By Colin Packham
SYDNEY (Reuters) - Papua New Guinea's Supreme Court on Tuesday ordered Australia to present a resettlement plan for nearly 900 asylum seekers held in what it says is an illegal detention center on Manus island -- a move detainees fear will further delay their release.
The Supreme Court ruled more than three months ago that the detention center, used to house asylum seekers trying to reach Australia, was illegal. The center was approved by the Papua New Guinea government and is funded by Australia.
The court order is the latest delay in determining the future of the detainees and human rights groups say tensions are rising in the detention center, which has a history of violent protests and self harm by detainees.
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"The level of frustration on Manus Island is as high as it has ever been," said Ian Rintoul, an Australian refugee advocate who was on Manus Island last week.
"The court action, while a glimmer of hope, is frustrating them as there has been no action despite detention being found to be unlawful."
Under Australia's hardline immigration policy, anyone intercepted trying to reach the country by boat is sent for processing to camps on Manus Island in Papua New Guinea or on Nauru in the South Pacific. They are never eligible to be resettled in Australia.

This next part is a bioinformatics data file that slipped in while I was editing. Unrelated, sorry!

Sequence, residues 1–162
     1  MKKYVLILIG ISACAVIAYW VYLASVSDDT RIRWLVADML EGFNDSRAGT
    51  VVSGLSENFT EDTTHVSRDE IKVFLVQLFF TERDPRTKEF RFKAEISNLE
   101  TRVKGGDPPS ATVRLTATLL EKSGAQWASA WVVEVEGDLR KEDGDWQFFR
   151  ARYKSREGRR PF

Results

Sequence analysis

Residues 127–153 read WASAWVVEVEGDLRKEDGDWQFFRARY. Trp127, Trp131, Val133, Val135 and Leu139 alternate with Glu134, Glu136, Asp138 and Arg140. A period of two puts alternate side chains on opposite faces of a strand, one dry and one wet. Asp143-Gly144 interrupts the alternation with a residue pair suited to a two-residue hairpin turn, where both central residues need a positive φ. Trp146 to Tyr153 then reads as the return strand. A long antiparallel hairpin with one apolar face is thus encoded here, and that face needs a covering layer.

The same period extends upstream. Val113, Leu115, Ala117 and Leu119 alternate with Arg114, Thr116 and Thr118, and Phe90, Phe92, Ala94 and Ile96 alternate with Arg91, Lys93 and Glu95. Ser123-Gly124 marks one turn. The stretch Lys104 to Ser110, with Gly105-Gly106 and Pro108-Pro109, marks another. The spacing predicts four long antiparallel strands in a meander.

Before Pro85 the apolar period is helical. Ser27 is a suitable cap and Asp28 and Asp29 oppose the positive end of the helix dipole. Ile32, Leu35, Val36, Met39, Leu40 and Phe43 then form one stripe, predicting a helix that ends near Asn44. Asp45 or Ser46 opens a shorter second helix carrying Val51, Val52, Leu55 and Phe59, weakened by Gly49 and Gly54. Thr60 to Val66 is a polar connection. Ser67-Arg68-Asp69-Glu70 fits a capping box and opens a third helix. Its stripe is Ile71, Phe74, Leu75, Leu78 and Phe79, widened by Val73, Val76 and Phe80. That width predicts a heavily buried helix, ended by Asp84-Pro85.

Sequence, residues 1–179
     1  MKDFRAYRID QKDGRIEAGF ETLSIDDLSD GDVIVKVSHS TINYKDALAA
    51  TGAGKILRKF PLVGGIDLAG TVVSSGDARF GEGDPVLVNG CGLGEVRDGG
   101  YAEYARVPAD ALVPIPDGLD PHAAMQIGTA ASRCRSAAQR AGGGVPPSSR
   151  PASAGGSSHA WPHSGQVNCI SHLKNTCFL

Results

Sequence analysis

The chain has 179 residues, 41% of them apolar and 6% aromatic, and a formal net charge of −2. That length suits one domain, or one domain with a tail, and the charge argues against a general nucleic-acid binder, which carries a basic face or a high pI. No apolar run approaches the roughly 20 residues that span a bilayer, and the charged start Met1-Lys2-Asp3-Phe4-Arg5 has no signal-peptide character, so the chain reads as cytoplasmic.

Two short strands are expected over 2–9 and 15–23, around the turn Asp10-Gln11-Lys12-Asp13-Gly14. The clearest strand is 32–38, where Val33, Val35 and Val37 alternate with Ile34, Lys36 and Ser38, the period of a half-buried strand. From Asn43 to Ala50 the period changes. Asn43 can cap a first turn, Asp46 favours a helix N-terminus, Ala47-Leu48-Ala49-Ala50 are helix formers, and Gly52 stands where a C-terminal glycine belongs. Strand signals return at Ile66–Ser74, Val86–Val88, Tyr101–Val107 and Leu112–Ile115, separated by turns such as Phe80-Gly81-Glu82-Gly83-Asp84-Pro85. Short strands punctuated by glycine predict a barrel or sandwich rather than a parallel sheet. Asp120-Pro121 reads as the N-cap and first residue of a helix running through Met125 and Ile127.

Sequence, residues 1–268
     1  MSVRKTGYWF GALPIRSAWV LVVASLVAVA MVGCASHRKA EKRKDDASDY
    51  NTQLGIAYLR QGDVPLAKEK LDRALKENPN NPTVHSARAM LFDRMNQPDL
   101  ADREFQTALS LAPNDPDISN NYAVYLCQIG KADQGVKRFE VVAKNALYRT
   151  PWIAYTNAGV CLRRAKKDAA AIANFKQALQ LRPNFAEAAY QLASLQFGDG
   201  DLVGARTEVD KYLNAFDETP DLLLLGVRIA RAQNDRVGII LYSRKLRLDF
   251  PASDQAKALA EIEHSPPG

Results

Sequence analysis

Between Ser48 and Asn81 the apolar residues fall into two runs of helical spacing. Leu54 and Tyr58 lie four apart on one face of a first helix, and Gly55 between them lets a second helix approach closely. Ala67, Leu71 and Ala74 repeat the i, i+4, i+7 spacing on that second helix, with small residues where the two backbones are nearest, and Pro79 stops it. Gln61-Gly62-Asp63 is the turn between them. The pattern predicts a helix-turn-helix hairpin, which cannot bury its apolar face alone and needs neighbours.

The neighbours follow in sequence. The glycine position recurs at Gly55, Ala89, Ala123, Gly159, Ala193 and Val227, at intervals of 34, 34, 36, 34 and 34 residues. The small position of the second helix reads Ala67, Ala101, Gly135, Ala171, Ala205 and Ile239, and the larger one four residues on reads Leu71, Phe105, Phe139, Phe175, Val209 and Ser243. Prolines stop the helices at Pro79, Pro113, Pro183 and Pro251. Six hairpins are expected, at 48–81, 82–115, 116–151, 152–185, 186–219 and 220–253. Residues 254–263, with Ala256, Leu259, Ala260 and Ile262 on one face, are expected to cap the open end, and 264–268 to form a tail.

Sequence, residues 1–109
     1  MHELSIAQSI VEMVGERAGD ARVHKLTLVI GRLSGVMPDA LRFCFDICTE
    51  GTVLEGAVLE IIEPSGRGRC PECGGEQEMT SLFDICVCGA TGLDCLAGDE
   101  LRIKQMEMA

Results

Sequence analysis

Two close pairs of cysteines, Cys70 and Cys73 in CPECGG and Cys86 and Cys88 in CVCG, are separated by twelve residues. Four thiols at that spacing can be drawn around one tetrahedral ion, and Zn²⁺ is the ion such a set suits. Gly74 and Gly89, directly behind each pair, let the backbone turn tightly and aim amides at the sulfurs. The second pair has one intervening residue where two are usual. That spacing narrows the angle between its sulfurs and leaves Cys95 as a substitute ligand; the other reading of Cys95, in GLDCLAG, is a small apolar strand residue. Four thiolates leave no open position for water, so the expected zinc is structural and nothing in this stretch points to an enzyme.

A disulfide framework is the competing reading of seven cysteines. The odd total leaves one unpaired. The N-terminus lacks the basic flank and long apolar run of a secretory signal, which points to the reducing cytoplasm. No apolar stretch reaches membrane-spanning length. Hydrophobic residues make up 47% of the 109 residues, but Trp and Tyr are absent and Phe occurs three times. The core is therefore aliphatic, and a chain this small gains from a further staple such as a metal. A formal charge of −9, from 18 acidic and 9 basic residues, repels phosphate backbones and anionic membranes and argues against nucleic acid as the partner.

The Papua New Guinea government has said it plans to close the Manus center after the Supreme Court ruling, raising the question where will the detainees be resettled. Many in Papua New Guinea do not want the asylum seekers in their community.
The asylum seekers come from across the Middle East and Asia predominately, with Afghanistan, Iran, Pakistan accounting for the bulk. Some have been held in detention for several years.
Lawyers for the 898 Manus island detainees have asked the Supreme Court for compensation of 1,500 kina ($462.75) for every day they were held illegally.
The Supreme Court said it would call on Australia to provide a representative on Thursday to provide details on a resettlement plan.
"The court has embarked on this process on issue of resettlement. That is a matter for the two governments, what we want is for them to be released," said Ben Lomai, a lawyer for some of the detainees, told Reuters on Tuesday.
(Reporting by Colin Packham; Editing by Michael Perry)